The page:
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As a teacher, I’m willing to bet that you’re always looking for ways to reduce your stress, right? Between gathering curriculum, lesson planning, grading papers, and the like, having ones less thing on your plate would be nice. Speaking from personal experience, when I started being intentional about having everything prepared for a smoother morning, I experienced less stressful days. Nevertheless, the morning time often depicts how the rest of the day will go. Here’s one way to reduce your stress and enjoy more relaxed school days.
Reduce Your Stress with Morning Work
What is morning work?
Although morning work isn’t a new concept, it’s one that is often overlooked as a useful tool in the classroom setting. Why? For most teachers it may seem insignificant and equivalent to “busy work.” I beg to differ! Morning work helps with transitioning students through important parts of the day, especially when they first arrive to the classroom. It’s also a way to make the most of every minute your students are in your classroom (no more boredom). Last but not least, morning works reduces behavioral issues and sets the tone for the day. These are no-brainer reasons to include it in your classroom.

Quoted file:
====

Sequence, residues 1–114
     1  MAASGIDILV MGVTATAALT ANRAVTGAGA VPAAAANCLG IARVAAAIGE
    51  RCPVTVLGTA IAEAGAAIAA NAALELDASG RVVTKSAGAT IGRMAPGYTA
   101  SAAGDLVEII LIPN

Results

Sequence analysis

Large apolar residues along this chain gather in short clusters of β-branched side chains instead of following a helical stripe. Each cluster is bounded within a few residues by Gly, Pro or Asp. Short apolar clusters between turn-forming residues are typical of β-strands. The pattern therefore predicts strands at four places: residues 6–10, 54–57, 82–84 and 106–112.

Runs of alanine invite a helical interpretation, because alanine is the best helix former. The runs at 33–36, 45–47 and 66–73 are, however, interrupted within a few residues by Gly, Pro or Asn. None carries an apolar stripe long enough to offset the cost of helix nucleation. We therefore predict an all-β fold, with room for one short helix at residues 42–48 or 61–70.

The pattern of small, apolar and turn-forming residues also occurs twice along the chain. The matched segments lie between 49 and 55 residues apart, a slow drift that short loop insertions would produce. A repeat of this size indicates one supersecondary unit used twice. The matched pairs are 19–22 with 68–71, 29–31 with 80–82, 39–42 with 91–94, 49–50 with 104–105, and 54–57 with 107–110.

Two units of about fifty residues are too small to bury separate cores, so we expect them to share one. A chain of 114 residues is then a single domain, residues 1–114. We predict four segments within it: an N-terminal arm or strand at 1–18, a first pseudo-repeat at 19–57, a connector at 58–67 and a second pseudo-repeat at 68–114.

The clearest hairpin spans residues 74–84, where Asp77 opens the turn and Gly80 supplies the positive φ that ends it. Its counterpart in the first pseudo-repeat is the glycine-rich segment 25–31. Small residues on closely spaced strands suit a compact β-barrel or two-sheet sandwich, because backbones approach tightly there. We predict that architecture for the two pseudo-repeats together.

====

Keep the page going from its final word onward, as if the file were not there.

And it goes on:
What should I use for morning work?
This is a very important question that get’s asked quite often. To reduce your stress and keep your students engaged at the same time, you’ll want to make sure your morning work is the opposite of simply trying to keep them busy. This is all about finding the right resources and incorporating them in manageable, relevant, and useful ways. I created a variety of morning work bundles for my students (and yours) that can be printed as worksheets or used interactively (using EASEL by TPT). These are easy, no-prep resources that can be used year-round.
How do I use morning work effectively?
Once you’ve decided to start using morning work and found some resources you’d like to use, it’s now time to make sure you incorporate them in the most effective way. To do this I strongly suggest creating a spiral review kind of morning routine. Here’s an idea of what one may look like:
- Mondays: introduce a new worksheet pertaining to a specific subject (math, reading, grammar, etc.). Keep your students needs in mind while choosing what to start with at the head of the week
- Tuesdays – Thursdays: have students complete a variety of morning work worksheets that relate to the chosen concept. Take time to go over any answers and consider leaving a few minutes for discussion.
- Fridays: do one big review and/or quiz your students on what was practiced throughout the week. This will help you see how much your students have learned and what else still needs to be worked on in more depth.
The overall goal I aim to reach is using morning work to boost my student’s skills.
Reduce Your Stress with These Morning Work Resources
As I mentioned before, I created tons of morning work resources. Here’s a nice roundup to help you get started with creating your morning schedule using resources that are guarantee to keep your students engaged:
Enjoy! In the meantime, I’d like to hear from you. How do you reduce your stress in the classroom? And do you use morning work? Let me know in the comments below!